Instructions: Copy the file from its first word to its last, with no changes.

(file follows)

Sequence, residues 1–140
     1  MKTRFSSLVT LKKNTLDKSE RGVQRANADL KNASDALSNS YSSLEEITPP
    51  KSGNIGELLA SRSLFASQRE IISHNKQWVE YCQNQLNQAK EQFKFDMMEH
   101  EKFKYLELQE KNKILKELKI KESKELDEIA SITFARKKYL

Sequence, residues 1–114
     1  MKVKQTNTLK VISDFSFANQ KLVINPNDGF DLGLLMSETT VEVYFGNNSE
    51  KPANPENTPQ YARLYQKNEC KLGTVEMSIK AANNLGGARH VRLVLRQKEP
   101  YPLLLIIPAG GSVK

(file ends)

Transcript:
Sequence, residues 1–140
     1  MKTRFSSLVT LKKNTLDKSE RGVQRANADL KNASDALSNS YSSLEEITPP
    51  KSGNIGELLA SRSLFASQRE IISHNKQWVE YCQNQLNQAK EQFKFDMMEH
   101  EKFKYLELQE KNKILKELKI KESKELDEIA SITFARKKYL

Sequence, residues 1–114
     1  MKVKQTNTLK VISDFSFANQ KLVINPNDGF DLGLLMSETT VEVYFGNNSE
    51  KPANPENTPQ YARLYQKNEC KLGTVEMSIK AANNLGGARH VRLVLRQKEP
   101  YPLLLIIPAG GSVK